Have you ever found yourself anxious prior to an event to which you have been looking forward? Do excitement and anticipation blend into anxiety for you? Or vice versa? Can you shape anxiety into a more positive anticipation and even excitement?
I find myself approaching a vacation that I have been planning and looking forward to for months. We are doing the trip as I would prefer…without bicycles. We are going to the cities I have wanted to visit and engaging in many of the activities I choose.
That is not to say that the inclinations of those with whom I am traveling have been ignored. They would prefer not to be in museums all the time, and not to be scheduled every moment of every day. There are so many things that I want to do and see that I could happily go from one to the next to the next if I were on my own (and if my feet held out). Since I am with others, I have scheduled us for things that require it and generated possibilities for the rest of the time.
This has caused lots of anxiety for me. I am a people-pleaser in my core makeup. I work to assert my needs and desires, but I also want those around me to be happy. Needless to say, this causes anxiety, ambivalence, frustration. The planning process has been a stressful one.
I am always fascinated by the internal experience of a set of emotions. Like many people, I have been very anxious since I was a child. Research on DSM diagnostic categories indicates that Anxiety is easily the most common of emotional difficulties experienced by the U.S. population. I fit right in there.
As a child and teenager, I just pushed through the anxiety in order to accomplish the goals I had set for myself. As a young woman, I learned that I could reinterpret my anxiety, choosing to see the physical agitation, increased heart rate, sleeplessness and other physiological signs of arousal as excitement, thereby giving it a positive meaning rather than the negative connotations of anxiety.
As an older adult, I find it harder to manage the experience of anxiety. My yoga practice helps me feel better at the time, but I have not been successful at carrying the relaxation and positive mental state over into the rest of my day. The agitation causes stress in my relationships. I have a harder time not snapping at those closest to me. Sleep disturbance makes that even worse.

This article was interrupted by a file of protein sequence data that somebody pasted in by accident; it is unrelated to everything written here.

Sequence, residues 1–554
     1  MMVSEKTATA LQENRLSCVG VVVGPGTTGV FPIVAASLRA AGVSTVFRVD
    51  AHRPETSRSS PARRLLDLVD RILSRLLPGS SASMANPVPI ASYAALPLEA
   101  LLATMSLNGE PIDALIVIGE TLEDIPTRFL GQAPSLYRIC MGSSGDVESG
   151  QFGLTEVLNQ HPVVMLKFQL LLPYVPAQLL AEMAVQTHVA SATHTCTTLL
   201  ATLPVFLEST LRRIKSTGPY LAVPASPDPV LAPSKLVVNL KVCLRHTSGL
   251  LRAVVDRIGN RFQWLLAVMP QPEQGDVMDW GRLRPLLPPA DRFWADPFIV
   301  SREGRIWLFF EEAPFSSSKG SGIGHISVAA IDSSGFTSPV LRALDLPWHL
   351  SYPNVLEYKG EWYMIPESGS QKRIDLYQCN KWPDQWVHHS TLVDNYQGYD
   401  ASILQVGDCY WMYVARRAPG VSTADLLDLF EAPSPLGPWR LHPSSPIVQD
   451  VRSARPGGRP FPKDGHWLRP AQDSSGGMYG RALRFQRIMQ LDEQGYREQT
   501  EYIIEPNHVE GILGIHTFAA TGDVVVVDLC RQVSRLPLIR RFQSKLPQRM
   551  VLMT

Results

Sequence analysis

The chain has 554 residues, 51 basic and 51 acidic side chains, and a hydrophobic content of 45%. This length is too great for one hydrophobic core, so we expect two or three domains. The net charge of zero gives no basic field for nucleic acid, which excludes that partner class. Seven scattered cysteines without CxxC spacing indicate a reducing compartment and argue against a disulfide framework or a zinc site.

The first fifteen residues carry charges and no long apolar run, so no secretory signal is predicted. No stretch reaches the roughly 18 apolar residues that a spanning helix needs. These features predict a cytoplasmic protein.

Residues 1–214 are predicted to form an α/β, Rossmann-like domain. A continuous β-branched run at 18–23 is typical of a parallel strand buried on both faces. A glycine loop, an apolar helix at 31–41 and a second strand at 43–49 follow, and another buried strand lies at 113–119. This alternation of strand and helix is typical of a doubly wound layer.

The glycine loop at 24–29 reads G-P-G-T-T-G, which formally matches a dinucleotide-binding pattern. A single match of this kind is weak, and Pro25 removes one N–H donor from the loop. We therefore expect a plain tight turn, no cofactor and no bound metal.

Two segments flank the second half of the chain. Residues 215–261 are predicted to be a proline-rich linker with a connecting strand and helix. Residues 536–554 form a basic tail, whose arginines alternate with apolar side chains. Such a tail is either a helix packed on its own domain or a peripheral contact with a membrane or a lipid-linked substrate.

I certainly need to get this in check or I risk messing up my enjoyment of my vacation!
How do you deal with anxiety? Is medication your route? Or meditation? Go for a run? Do you have methods that I might learn…quick? Please share your comments below.
0 thoughts on “Anxiety, Anticipation, Excitement: Prelude to . . .”
Debt Nix says:
Are you describing me? You must be. Although I am unable to describe my feelings or emotions well, you did a great job of it. I’m even becoming anxious about not getting Rx for my ambien.
I don’t have any sage advice. I do find that if I allow a little extra time for tasks it helps me not get in such a “tizzie”. Long term backlogs of the simplest tasks cause inaction instead of being a positive stressor which used to spur me into action.
Hopefully others will share their coping methods.
Once the vacation actually is in full swing I hope you enjoy every moment.
Hi Deb. Thanks for your comment. I have found the old classic…Feeling Good: The New Mood Therapy…to be very helpful. It is really about Cognitive Therapy and depression, but there are many things in it that are useful for managing anxiety. Good luck!
Carolyn Stimel says:
I just finished reading a new book titled “My Age of Anxiety” which I found to be a great combination of memoir and the history of anxiety diagnosis and treatment.
Thanks, Carolyn! I will take a look at it.